Millions of Indian Youth Are Languishing Because of Chewing Tobacco

By: Rahul Bharadwaj, India

On May 31st, World No Tobacco Day (WNTD), no one, except people like me, can understand the significance of this day. Until last year I did not even know when WNTD was, let alone its relevance. My life completely changed 4 months earlier when I was diagnosed with advanced mouth cancer that was a direct result of my habit of chewing Gutka pan Masala. Like several of my college friends, I started taking rupee gutka pouches that were sold just outside my college as mouth fresheners. Those days, little did I know that I am buying death and disability in one rupee. By the time the current text warnings came, I was heavily addicted and could not leave it despite threats by my wife and daughter.

I represent many youth in India who are diagnosed with mouth cancer every year and millions who are languishing because of their habit. I have seen death in very close quarters and no one can understand my pain. I had toxic chemotherapy, deforming surgery and painful radiotherapy. Despite all this, I am still not sure if I will live long enough to be here for my daughter’s next birthday. [...] continue the story

Life – Jibon

Personal and private story of a family of Guwahati having a 12 years old boy named Ron suffering from Duchenne’s Muscular Dystrophy, a rare disease having no cure at sight. It is shot in actual locations with real-life characters. The film is shot with the real characters acting in their life story.

A Leap Ahead

Disability is only in the mind and anything can be achieved through determination, self-motivation and commitment. When a “Mongolian” baby was born in Chuttur’s family, the entire life of mother gets focused around this child. She nurtured and raised him to stand along with normal kids. Observing the efforts and patience of the wife, Subhash Chuttur started experimenting with mentally challenged, employing them for simple jobs. One by one, the number of these experiences increased and so also did the confidence of Subhash Chuttur. Today he does not stop at that, but takes every opportunity to convince others to employ such persons. This film sends a message, how such specially-able persons can be integrated within society. More importantly, it also conveys a need for change in attitudes toward the disabled people in society.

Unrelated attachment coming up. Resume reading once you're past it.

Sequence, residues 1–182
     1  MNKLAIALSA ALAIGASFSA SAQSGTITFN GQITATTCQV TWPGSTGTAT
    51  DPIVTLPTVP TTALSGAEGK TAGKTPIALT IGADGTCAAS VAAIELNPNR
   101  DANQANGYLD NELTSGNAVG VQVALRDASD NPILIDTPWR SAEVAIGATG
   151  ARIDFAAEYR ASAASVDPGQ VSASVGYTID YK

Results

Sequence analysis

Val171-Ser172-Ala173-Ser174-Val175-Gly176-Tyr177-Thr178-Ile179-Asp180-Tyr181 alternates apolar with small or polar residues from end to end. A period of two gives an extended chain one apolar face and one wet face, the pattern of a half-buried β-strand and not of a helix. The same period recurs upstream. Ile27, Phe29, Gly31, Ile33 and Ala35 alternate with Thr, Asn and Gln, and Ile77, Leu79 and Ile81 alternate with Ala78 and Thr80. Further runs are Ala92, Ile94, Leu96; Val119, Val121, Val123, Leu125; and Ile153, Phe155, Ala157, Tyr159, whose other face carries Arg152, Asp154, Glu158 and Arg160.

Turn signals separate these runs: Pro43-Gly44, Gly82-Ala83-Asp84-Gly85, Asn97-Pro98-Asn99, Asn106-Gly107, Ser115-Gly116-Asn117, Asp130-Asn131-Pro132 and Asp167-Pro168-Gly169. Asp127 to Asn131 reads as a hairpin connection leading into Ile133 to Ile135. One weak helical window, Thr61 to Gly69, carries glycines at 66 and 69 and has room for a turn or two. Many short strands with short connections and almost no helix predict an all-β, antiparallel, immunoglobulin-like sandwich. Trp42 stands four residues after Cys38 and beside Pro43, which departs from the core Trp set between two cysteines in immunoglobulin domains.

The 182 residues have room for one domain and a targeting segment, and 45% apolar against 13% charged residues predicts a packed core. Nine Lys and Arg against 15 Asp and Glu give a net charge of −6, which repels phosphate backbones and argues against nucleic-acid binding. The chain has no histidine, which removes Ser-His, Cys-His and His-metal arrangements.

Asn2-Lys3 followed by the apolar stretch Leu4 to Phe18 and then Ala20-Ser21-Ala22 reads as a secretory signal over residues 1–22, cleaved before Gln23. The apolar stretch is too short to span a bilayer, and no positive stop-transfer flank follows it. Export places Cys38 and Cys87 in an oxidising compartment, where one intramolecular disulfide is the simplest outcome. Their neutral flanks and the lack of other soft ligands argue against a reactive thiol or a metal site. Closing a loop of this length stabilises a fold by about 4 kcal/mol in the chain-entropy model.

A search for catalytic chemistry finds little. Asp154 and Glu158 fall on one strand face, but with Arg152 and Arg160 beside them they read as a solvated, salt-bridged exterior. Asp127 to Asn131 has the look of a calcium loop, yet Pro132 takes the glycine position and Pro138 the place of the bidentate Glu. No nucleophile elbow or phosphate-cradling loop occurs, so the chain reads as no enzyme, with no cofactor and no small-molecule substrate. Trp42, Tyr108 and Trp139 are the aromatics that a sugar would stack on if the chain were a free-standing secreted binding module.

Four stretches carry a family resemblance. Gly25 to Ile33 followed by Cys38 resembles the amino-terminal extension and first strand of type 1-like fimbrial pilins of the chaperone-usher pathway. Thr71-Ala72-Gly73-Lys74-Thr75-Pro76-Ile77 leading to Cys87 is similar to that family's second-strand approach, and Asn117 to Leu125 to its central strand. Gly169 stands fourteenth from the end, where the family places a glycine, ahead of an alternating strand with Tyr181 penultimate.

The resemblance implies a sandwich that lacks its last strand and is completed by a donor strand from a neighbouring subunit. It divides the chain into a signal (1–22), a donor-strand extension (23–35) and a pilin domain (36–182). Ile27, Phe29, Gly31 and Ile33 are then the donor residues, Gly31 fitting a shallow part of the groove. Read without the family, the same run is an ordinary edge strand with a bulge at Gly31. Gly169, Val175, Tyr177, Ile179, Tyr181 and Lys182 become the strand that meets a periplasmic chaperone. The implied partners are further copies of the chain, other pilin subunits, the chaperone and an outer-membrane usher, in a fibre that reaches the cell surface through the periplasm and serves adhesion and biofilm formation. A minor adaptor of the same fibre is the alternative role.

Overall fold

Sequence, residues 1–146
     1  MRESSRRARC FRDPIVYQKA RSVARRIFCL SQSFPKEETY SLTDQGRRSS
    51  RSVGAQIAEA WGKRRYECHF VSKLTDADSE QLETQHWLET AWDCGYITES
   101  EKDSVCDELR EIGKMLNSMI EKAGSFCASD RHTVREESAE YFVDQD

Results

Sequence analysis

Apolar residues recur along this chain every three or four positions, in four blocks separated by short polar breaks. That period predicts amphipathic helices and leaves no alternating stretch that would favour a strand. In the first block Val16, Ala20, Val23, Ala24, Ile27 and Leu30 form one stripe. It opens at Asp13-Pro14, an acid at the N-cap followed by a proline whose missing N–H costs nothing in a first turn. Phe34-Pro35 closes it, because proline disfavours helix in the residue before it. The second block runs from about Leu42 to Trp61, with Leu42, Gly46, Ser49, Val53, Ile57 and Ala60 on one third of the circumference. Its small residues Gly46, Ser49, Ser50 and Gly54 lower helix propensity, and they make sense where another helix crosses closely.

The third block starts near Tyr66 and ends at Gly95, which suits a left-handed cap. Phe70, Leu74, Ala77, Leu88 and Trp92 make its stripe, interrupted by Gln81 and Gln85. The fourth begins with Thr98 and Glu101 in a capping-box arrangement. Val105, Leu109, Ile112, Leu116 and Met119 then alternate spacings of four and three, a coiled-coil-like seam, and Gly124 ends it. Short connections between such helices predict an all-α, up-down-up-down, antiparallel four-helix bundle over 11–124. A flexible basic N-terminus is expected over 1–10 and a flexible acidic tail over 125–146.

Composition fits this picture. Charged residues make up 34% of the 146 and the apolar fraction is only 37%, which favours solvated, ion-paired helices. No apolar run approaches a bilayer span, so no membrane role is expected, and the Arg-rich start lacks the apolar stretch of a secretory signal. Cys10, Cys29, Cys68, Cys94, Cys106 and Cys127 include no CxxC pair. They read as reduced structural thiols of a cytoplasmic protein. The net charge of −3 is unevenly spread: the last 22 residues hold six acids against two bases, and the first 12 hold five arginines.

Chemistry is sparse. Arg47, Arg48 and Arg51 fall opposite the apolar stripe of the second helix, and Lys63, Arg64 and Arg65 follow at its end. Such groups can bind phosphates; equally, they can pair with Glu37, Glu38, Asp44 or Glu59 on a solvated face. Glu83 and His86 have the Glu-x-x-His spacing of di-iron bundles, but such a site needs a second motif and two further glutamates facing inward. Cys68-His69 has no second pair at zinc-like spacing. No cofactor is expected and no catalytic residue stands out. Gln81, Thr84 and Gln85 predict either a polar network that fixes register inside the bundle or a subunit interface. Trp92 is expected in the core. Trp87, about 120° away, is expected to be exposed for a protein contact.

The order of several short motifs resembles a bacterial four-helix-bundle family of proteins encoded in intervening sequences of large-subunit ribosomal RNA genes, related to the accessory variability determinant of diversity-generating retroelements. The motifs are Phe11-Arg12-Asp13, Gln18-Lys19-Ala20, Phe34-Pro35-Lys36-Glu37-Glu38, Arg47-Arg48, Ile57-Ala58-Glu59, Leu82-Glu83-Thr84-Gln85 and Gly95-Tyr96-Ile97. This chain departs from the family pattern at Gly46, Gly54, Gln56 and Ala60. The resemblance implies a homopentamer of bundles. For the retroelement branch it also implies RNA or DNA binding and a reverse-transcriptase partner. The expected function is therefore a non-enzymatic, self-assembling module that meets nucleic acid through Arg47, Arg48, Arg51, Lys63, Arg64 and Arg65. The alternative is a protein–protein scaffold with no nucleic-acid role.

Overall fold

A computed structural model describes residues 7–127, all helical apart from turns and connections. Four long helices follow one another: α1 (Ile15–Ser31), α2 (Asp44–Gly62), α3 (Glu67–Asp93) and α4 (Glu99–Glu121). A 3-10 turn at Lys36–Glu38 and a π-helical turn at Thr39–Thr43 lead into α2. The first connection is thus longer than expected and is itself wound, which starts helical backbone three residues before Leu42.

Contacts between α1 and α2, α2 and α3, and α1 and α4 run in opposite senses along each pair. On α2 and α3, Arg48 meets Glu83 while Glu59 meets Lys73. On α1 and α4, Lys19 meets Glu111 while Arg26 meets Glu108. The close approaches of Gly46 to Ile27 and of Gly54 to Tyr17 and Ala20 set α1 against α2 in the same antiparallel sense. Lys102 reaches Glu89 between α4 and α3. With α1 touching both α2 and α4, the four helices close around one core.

My Hands

Sunder is a 21-year-old young man whose both hands are crippled and desolately useless. He suffers from cerebral palsy. Born into a poor family of utensil-makers with five children, Sunders’ condition seems pathetically hopeless. The moment he raises up from the bed, his younger brother Santosh becomes his hands. Santosh tends Sunder like his own body by helping him with toileting, brushing his mouth and washing him up and any sort of food consumption. But Sunder has a secret. He attends high school and is currently in his pre-graduation. He has learned to use his foot as his hand. At night he studies by sitting in the bed beside a lantern. Sunder wishes to finish his graduation, find a job and support his poor family.

Beyond Belief

Something remarkable happened for the first time in Asia. Sixteen physically challenged people went on an expedition to demand equal respect.They trekked through areas that normal people would dread to dare. What was unique was their arrival at a desolate location in the Gorumara forest in trolleys? The clanking of iron wheels on long unused iron tracks injected a challenge in the home of the Indian elephant and one-horned rhino. The four teams had prepared well for the ordeal ahead. Each team had one visually impaired person, a speech and hearing impaired person, one person without upper limbs and one person without lower limbs. They were made aware of the dangers of the expedition… and chose to ignore these with indomitable resolution. A team of 16 differently-abled persons wrote a new chapter in the history of human achievement.